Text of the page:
Medicare Advantage, or Part C, is a health insurance program. It is funded from two different sources.
The monthly premiums of beneficiaries provide part of the funding. However, the main source is a federal agency called the Centers for Medicare & Medicaid Services, which runs the Medicare program.
Private insurance companies manage Advantage plans. Medicare pays them a fixed monthly amount for each beneficiary’s expected healthcare costs.
Below, we give an overview of the funding and the factors that determine how much Medicare sends to Advantage plans. Then, we discuss the funding sources of all Medicare programs and the proportion of total Medicare spending that goes to Advantage plans.
Advantage plans pay for the services otherwise covered by Medicare parts A and B. They also pay for some additional services, depending on the specific Advantage plan.
Medicare Part A covers care in institutions such as hospitals, with the exception of hospices. Medicare Part B covers outpatient services such as visits to a doctor.
Advantage plans may also cover prescription drugs and supplemental benefits, such as dental and vision care.
Some funding for Advantage plans comes from the monthly premiums of enrolled individuals. However, most of the funding comes from Medicare.
Every month, Medicare pays into Advantage plans an amount that covers the Part A and Part B costs of beneficiaries. If a plan also offers prescription drug coverage, Medicare provides a separate payment.
The amount of the monthly payments depends on two main factors:
- the healthcare practices in the county where each beneficiary lives, which influences a procedure called the bidding process
- the health of each beneficiary, which governs how Medicare raises or lowers the rates, in a system known as risk adjustment
The Advantage plan bidding process involves two steps.
First, each plan submits a bid to Medicare, based on the estimated cost of Part A and Part B benefits per person.
Next, Medicare compares the amount of the bid against the benchmark. The benchmark is a percentage of costs of average Medicare spending per individual.
Each county in the United States has its own benchmark. It reflects the practice patterns of resident healthcare providers that bill Medicare. Practice patterns differ among counties, so their benchmarks also differ.
When the plan’s bid is greater than the benchmark, the person enrolled in the Advantage plan pays the difference between the two amounts. This payment is a monthly premium. A person pays this in addition to the Medicare Part B premium.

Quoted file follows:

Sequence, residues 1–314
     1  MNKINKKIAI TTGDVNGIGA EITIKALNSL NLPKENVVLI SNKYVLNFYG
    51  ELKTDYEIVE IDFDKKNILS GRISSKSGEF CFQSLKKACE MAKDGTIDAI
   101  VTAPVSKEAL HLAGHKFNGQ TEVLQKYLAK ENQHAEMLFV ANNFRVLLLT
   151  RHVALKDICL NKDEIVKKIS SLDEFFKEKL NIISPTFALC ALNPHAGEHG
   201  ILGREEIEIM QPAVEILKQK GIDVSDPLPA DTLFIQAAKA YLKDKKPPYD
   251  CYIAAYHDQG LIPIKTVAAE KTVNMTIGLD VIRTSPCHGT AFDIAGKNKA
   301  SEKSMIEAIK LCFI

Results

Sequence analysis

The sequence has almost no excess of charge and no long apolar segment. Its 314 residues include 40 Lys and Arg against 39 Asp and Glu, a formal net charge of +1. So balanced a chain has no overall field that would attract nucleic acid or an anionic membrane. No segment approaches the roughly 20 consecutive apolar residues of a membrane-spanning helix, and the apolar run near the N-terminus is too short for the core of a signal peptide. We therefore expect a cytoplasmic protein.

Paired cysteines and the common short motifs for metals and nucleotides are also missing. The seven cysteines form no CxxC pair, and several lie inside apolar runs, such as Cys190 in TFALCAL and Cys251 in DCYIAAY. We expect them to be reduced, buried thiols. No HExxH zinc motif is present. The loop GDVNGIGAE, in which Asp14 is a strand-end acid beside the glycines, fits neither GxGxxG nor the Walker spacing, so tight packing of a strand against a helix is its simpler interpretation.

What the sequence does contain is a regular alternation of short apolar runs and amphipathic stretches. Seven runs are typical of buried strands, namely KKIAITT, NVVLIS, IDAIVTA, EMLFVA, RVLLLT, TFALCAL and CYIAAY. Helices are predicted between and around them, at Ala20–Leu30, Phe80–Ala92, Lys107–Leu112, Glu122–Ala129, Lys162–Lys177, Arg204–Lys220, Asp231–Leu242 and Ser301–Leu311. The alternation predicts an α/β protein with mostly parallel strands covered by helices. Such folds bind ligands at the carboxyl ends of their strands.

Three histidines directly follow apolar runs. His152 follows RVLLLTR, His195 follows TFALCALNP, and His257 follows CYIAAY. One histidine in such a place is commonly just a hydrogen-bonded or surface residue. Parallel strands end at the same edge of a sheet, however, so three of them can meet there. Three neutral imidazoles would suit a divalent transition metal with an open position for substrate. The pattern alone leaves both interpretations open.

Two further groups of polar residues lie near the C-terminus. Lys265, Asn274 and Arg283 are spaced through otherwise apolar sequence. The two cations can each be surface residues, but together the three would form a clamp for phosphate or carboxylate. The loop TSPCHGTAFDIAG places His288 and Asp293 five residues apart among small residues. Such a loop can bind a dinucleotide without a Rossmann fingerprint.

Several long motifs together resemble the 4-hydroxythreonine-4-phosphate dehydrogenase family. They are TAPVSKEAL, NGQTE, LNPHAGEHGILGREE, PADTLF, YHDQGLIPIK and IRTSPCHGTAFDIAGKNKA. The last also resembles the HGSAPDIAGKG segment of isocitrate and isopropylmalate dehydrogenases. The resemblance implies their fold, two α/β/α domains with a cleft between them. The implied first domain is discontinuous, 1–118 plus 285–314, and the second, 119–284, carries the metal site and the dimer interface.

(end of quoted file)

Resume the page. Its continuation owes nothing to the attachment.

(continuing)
If the bid is lower than the benchmark, the plan gets a rebate from Medicare that is a percentage of the difference between the bid and the benchmark.
Plans that receive rebates should use a portion of the rebates to fund supplemental benefits or to reduce premiums.
Medicare Advantage uses the bid and the benchmark to determine the base rate.
When the bid is lower than the benchmark, the bid becomes the base rate. In contrast, when the bid is higher than or equal to the benchmark, the benchmark becomes the base rate.
After the establishment of the base rate, Medicare uses risk adjustment to change the rate to reflect the anticipated healthcare costs of a person enrolled in a plan.
For example, if someone has a risk score of 1.0, it means that their expected costs are equal to those of an individual with average health.
A risk score of 0.5 indicates that the expected costs are half of those of the average person, while a risk score of 2.0 indicates the expected costs are double those of the average person.
Two trust funds held by the United States Department of the Treasury supply the money for Medicare payments. The funds are the Hospital Insurance Trust Fund and the Supplemental Medical Insurance Trust fund.
The Hospital Insurance Trust Fund pays for inpatient hospital care, home health care, and skilled nursing facility care — types that Part A covers. Sources of this trust include:
- payroll taxes from employees and employers
- Part A premiums from people who do not qualify for premium-free Part A
- income taxes from social security benefits
- interest gained from trust fund investments
The Supplemental Medical Insurance Trust Fund pays for Part B costs, such as visits to a doctor, along with prescription drug costs. The money comes from:
- premiums of Medicare parts B and D
- funds authorized by Congress
- interest gained from trust fund investments
In 2019, Medicare payments to Advantage plans to fund Part A and Part B benefits were $250 billion, according to the Kaiser Family Foundation. This represents 33% of Medicare’s total spending.
On average, across the country, 34% of people with Medicare chose to enroll in Advantage plans during 2019. The percentage of residents who have these plans varies widely by state, from 1% in Alaska to 43% in Minnesota and Florida.
If there is a nationwide rise in people choosing Medicare Advantage over original Medicare parts A and B, the percentage of total Medicare spending on the plans may also rise.
Medicare Advantage is funded from two main sources.
The plans receive some funding through monthly plan premiums, but most of the money comes from Medicare. The private insurance companies that offer the plans receive a payment each month from Medicare. This covers the costs of Medicare parts A and B for each beneficiary.
The amount of the payments from Medicare depends partly on the anticipated costs of healthcare in the county where each beneficiary lives.
Another factor that influences Medicare’s contribution is the expected healthcare costs of the beneficiaries, based on their medical records.
Medicare’s funding comes from a variety of sources, such as taxes and funding authorized by Congress. Medicare’s payments to Advantage plans account for one-third of Medicare’s total spending.